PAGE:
J.K. Rowling announced Thursday that her Harry Potter books will be available as audio downloads and digital e-books in October. The mysterious Pottermore website, which had teased Harry Potter fans for days, will be the only place to buy them.

The announcement falls a little flat for fans who had expected breakthrough news, perhaps maybe an online Harry Potter role-playing game. But Pottermore will have some new material: Rowling has reportedly written 18,000 words for the site, which will also feature games, social networking and an online store. 

Here are five funds for investors who are looking for yield in a shaky market.

By TheStreet Staff Jun 23, 2011 11:29AM

By Don Dion, TheStreet


Although the U.S. markets have enjoyed some small doses of strength over the course of the week, caution remains warranted as we look ahead.


With Greece's debt woes still dominating headlines and weighing on sentiment, the need for protection is essential. There are a number of ways investors can use ETFs in order to both defend against the market's current shakiness and prepare for strength on the horizon.


Dividend-paying equities and other income-oriented investing options, for instance, may appeal to investors looking to construct such an all-weather portfolio. Here are five ETF options investors may want to consider when attempting to target yield.


Technology and semiconductors have been lagging the S&P 500, and even strong earnings aren’t likely to reverse the negative outlook.

By Jun 23, 2011 11:13AM
By Tom Aspray,

It has been a rough few weeks for the semiconductor stocks as the Semiconductor HOLDRs Trust (SMH) is down 13% from the early-May highs. This tech industry group has seen several wide swings so far in 2011.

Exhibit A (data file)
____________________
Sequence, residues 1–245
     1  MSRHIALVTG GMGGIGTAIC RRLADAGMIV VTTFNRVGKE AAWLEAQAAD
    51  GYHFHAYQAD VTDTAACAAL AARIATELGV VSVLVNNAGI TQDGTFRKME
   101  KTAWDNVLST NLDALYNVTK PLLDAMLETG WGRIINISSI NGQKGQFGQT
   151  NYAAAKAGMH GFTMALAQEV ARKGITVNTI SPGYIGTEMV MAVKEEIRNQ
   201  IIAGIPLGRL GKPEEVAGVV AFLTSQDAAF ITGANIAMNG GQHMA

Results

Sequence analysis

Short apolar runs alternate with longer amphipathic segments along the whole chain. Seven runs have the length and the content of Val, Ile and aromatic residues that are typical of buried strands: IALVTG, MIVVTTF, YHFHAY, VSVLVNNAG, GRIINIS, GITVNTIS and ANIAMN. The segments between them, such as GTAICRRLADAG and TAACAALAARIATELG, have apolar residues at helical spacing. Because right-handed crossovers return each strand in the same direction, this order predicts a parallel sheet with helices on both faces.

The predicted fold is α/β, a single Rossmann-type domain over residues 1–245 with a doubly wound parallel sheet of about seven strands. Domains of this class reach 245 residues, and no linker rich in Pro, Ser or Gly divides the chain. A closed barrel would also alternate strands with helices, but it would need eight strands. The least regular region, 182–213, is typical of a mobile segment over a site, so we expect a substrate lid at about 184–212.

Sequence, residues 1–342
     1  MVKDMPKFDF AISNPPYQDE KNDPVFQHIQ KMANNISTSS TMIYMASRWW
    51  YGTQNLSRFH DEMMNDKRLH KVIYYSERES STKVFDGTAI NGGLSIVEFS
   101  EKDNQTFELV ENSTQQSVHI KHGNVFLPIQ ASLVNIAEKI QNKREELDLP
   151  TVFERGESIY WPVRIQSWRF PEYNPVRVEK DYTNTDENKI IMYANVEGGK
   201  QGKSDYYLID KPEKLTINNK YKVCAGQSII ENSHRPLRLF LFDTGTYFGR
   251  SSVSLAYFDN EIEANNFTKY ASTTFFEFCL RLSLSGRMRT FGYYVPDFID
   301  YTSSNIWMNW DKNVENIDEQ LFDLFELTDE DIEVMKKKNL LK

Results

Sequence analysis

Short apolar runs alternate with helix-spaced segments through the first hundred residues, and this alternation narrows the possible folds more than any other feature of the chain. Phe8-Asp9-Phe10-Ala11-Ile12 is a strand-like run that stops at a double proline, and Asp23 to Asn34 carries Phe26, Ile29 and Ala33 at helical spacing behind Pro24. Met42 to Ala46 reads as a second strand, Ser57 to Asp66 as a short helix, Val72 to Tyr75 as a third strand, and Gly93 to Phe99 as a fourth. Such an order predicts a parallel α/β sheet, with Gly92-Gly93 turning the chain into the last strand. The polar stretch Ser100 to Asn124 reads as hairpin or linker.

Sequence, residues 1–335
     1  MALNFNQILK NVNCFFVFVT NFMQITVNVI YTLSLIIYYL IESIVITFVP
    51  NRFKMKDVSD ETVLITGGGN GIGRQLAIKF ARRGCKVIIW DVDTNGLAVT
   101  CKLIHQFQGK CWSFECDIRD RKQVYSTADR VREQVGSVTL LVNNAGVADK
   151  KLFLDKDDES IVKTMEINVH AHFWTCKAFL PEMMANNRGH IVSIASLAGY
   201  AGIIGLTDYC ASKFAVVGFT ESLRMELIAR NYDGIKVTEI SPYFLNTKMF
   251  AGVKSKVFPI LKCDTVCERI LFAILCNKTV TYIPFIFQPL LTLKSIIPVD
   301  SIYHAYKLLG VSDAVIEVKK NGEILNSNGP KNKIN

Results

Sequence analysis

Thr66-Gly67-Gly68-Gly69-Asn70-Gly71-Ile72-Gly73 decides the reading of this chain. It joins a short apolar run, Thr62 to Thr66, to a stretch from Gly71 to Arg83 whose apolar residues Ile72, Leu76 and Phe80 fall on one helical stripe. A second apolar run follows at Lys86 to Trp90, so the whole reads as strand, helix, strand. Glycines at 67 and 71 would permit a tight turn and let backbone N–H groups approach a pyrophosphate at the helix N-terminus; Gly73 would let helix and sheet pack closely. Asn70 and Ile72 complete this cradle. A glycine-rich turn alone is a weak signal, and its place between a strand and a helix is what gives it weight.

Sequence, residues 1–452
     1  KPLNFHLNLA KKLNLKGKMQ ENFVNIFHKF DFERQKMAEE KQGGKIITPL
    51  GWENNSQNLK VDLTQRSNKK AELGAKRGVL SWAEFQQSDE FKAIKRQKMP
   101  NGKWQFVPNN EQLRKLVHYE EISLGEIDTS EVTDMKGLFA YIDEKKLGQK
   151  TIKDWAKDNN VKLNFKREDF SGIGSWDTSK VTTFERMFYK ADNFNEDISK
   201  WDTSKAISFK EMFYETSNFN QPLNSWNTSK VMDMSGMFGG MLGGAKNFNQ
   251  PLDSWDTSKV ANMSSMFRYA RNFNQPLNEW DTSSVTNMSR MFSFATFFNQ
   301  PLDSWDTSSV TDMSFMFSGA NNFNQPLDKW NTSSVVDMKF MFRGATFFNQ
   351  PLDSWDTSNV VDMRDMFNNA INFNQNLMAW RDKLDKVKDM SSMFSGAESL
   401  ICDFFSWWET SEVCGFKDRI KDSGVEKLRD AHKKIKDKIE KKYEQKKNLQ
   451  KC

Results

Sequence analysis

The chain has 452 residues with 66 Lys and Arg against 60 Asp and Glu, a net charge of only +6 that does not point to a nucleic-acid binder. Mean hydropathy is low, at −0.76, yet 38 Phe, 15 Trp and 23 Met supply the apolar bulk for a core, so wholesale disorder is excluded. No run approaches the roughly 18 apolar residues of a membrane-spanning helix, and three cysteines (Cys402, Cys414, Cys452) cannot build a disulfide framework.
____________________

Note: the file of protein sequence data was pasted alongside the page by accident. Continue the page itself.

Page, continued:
The decline in the semiconductors has been greater than that of the S&P technology sector, which through last week’s lows was down 10% from the early-May highs. During the same period, the S&P 500 was down just over 8%.

The tech earnings so far in 2011 have been stronger than most expected, but the technology sector has continued to lag the overall market. Therefore, as we enter a new earnings season, it will be important to see if the relative performance of the tech sector can improve.

These technology bosses may not last the year in their current roles, thanks to slumping stocks and stunted turnaround strategies.

By TheStreet Staff Jun 23, 2011 10:49AM

By Scott Moritz, TheStreet


Falling stocks, stalled turnaround strategies and soured shareholder sentiments have helped shine a severe light on several tech CEOs recently.


Salty Yahoo (YHOO) chief Carol Bartz has long lost her gruff charm, and she may not be able to hang on to her job much longer if new reports stating that the company is searching for her replacement are true.


It's been a tough run for Bartz, who was hired more than two years ago to bring order and direction to the disarray that Yahoo had fallen into.


But Bartz isn't alone. Other tech titans have been called out for failing to meet market challenges or, in some cases, driving business into the ditch.


Bernanke simply kicked the can down the road. With his Fed-speak behind us, it's time to focus again on individual stocks, leaving others to pontificate on the big picture.

By Jim Cramer Jun 23, 2011 8:50AM

the streetthe streetWhat did people want from Ben Bernanke? Did they want him to say, "I am an idiot and I can't get the job done, so go find someone else?" Did they want him to tell us that the Greek worries are ridiculous and we shouldn't be fearful of a contagion? Did we want him to say we are on the eve of destruction?